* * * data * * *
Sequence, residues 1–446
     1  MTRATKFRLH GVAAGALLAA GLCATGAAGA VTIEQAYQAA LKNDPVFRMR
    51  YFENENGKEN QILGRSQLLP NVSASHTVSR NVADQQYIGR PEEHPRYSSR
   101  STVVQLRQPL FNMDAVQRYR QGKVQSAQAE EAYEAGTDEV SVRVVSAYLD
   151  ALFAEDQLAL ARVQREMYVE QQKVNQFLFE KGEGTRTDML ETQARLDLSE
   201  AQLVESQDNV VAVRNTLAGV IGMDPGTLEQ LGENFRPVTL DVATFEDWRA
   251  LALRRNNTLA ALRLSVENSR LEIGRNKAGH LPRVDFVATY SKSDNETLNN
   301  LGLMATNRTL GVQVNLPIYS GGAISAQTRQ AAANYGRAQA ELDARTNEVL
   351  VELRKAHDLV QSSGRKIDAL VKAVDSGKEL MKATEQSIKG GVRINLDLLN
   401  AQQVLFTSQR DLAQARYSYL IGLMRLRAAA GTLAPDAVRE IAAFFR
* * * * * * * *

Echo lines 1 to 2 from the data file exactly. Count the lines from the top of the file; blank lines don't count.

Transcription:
Sequence, residues 1–446
     1  MTRATKFRLH GVAAGALLAA GLCATGAAGA VTIEQAYQAA LKNDPVFRMR